When Performance Matters: The Past, the Present, and Future of Consequential Accountability in Public Education

A recent article by Sandy Kress, Stephanie Zechmann, and J. Matthew Schmitten published in the Harvard Journal on Legislation provides a well-researched look at NCLB and other national experiments in consequential accountability. “The “consequential accountability” model of education reform involves creating explicit standards for students, testing against those standards, and assigning consequences to schools for failure to meet those standards. The No Child Left Behind Act of 2001 (“NCLB”) represents the current high watermark of the consequential accountability movement and of federal involvement in education reform. NCLB conditions the receipt of Title I federal education funds on schools implementing consequential accountability systems. The Act is currently up for reauthorization, which presents a valuable opportunity to use lessons learned from past consequential accountability experiments to improve the legislation by strengthening federal accountability policies. Toward that end, this Article reviews the evolution of consequential accountability in the United States and argues that this reform model has led to significant gains in student achievement vis-a-vis students at schools without consequential accountability. The Article evaluates different state consequential accountability models and contrasts them with the federal model embodied in NCLB. Finally, the Article offers suggestions for which aspects of NCLB should be maintained, and what improvements would help maximize the effectiveness of consequential accountability in bettering America’s system of public education.”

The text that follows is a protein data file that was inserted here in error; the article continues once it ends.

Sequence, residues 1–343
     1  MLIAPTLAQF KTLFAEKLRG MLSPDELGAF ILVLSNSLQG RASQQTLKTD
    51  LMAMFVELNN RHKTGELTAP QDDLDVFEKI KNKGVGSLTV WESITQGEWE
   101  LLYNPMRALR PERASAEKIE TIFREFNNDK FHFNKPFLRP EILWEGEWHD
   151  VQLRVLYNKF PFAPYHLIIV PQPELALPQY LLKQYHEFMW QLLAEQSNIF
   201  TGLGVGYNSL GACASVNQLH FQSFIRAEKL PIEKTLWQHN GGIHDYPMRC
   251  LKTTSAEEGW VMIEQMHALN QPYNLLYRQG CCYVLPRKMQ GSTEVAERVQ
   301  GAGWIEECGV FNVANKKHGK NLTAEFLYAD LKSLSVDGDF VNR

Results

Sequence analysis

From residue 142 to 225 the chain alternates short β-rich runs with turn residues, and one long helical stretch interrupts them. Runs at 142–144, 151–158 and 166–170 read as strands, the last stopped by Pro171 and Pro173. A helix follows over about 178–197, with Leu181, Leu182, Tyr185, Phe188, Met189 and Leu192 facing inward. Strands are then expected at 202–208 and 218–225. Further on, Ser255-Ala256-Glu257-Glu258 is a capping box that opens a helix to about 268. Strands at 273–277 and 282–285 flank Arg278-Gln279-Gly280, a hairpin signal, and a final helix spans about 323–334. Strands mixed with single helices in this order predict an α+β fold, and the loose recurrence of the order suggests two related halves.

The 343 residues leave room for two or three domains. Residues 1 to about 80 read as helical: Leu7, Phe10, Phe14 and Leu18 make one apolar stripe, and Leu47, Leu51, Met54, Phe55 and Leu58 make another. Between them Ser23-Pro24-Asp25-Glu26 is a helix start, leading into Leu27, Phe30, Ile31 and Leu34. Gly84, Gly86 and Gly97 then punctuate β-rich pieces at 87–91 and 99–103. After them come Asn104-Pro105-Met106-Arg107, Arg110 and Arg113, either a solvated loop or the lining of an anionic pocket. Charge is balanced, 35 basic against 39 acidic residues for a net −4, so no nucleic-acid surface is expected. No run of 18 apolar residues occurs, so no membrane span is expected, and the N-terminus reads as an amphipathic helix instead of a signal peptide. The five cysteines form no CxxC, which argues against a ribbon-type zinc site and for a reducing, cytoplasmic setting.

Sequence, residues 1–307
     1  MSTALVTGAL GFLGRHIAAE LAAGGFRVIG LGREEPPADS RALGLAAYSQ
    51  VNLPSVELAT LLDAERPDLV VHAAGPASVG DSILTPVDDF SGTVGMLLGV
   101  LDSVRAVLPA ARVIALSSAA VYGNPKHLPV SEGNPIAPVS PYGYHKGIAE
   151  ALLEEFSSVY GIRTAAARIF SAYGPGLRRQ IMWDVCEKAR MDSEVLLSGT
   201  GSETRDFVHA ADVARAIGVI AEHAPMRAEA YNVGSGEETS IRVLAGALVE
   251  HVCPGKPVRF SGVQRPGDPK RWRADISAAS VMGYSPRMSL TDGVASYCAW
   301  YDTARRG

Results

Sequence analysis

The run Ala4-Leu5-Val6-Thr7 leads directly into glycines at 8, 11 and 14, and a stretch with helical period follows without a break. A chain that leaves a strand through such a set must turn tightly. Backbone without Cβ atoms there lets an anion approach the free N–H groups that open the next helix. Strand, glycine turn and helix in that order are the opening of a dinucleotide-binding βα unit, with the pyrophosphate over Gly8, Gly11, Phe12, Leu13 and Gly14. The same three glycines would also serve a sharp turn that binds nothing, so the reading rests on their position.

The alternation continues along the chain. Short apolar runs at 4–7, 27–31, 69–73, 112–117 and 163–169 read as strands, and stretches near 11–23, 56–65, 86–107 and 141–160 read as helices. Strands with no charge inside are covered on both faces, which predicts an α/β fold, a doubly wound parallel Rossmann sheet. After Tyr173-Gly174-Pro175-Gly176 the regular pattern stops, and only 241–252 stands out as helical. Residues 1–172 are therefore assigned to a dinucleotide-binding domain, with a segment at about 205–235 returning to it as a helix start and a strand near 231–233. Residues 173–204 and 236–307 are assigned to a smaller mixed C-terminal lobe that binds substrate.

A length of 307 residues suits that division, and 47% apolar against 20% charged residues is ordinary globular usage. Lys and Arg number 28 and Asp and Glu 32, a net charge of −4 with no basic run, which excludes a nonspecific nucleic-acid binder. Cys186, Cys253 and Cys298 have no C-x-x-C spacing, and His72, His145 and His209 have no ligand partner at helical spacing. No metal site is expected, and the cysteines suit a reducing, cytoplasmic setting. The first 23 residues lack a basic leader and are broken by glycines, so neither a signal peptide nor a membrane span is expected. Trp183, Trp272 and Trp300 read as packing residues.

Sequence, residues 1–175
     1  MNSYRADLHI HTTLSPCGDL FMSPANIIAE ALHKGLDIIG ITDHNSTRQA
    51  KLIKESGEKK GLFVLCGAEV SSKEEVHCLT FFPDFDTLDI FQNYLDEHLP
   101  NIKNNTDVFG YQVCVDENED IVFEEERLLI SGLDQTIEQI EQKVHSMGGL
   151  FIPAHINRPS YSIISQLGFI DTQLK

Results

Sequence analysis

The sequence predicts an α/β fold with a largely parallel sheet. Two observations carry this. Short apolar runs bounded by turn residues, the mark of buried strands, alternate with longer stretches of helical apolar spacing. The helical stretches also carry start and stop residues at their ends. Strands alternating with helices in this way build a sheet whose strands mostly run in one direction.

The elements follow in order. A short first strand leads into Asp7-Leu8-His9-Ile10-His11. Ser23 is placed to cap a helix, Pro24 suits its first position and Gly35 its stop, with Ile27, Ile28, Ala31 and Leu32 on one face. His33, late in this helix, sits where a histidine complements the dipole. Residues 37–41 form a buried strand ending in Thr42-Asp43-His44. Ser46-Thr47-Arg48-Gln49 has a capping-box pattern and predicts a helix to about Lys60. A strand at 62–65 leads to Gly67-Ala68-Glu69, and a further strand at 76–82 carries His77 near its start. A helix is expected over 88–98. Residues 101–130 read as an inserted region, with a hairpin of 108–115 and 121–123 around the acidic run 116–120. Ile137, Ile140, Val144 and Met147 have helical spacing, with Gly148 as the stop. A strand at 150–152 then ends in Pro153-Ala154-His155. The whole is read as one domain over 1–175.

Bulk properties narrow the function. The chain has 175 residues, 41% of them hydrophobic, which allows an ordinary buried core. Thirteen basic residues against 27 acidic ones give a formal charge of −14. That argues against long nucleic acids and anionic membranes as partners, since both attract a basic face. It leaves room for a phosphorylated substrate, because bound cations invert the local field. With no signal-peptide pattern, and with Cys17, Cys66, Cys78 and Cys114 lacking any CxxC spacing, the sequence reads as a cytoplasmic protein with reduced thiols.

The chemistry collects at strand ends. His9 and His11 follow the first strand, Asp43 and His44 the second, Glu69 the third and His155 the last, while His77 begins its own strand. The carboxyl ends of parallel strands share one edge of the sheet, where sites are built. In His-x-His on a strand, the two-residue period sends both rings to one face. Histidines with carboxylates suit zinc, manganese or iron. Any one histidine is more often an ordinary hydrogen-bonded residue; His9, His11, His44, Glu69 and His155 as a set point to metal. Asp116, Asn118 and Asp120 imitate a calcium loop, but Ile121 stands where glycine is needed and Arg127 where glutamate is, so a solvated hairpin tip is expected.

Read the pdf here: http://www.harvardjol.com/wp-content/uploads/2011/02/185-234.pdf